Russia's anti-monopoly watchdog has accused Google of abusing its dominant position in the market by requiring phone-makers to pre-install its apps on Android phones.
The firm could face penalties of up to 15% of its 2014 revenue in Russia.
The case was originally launched by Russian rival Yandex in February and comes as the EU also investigates Google's Android operating system.
Google said that it was considering its next move.
"We haven't yet received the ruling. When we do, we will study it and determine our next steps," a spokeswoman told the BBC.
In Russia, Google is less dominant in search than in other European countries with rival Yandex commanding 60% of the search market.
However, the Android operating system is on more than 80% of smartphones sold in the country.
Shares in Yandex rose on the news.
Russia's Federal Antimonopoly Service (FAS) said it would be sending its full ruling to Google in the next 10 days requesting that it "terminate abuse of dominant position".
Among the original complaints against Google were:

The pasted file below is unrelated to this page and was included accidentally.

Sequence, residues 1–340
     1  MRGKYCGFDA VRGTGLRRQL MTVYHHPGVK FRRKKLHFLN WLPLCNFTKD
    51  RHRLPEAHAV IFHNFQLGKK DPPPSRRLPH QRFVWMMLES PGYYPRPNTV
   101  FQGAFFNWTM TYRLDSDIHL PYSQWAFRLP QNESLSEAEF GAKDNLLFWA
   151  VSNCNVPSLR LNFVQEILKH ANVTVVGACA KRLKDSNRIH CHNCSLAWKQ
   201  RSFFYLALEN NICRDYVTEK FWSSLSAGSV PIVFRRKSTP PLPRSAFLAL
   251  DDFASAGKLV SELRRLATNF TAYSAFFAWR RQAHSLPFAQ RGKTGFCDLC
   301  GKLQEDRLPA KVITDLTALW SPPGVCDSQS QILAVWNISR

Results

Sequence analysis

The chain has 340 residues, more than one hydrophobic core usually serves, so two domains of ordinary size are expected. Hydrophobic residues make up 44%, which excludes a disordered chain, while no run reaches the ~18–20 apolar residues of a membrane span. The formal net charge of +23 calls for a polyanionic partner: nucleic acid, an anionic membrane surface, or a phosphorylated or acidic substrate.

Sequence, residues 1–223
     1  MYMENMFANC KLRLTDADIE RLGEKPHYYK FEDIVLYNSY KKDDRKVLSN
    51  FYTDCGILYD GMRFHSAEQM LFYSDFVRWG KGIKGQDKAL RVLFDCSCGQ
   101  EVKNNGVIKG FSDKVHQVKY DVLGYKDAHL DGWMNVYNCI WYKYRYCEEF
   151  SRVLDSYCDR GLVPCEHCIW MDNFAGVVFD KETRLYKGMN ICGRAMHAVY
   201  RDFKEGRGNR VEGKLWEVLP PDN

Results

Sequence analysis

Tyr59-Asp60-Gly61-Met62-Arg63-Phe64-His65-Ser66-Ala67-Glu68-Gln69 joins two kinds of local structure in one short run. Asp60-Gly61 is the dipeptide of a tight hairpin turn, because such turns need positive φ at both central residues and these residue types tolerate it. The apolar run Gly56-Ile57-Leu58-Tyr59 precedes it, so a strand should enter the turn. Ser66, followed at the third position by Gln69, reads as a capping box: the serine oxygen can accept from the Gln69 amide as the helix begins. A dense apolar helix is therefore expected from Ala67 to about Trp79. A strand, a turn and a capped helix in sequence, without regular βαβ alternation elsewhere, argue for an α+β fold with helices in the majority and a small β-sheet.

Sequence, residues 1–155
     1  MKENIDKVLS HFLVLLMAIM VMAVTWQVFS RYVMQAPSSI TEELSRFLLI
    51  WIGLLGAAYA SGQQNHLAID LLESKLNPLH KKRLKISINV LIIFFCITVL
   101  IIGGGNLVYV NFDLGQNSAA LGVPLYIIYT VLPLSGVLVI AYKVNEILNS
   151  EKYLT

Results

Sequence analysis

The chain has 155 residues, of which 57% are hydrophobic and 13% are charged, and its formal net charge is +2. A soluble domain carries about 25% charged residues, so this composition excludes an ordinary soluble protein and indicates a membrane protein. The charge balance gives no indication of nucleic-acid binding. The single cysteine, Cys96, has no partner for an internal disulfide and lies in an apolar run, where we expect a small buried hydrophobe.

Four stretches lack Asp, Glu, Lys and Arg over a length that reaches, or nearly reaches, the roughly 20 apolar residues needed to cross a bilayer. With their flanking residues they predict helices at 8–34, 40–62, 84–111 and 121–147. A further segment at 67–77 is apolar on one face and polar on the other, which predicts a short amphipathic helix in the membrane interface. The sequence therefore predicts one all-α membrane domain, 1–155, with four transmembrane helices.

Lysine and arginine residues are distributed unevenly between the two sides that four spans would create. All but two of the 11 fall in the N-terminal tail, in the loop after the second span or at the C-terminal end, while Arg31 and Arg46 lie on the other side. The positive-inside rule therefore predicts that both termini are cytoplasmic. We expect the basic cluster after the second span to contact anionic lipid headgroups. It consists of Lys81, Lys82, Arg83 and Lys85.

- that it bundled apps from its mobile service with the Google Play store
- required the pre-instalment of the Google search engine by default
- required Google app icons to have preferential placement on the first screen
Yandex welcomed the ruling.
"We believe the FAS decision will serve to restore competition in the market," the company said.
In April, EU competition commissioner Margrethe Vestager began formal legal proceedings against Google over accusations that the firm's promotion of its own shopping links amounted to an abuse of its dominance in search.
The firm said it "strongly disagreed" with the allegations.
Ms Vestager also revealed that she had launched an investigation into whether the way Google bundled apps and services for its Android operating system was unfair.
It is the culmination of a five-year investigation into the company. It could ultimately lead to fines of billions of euros.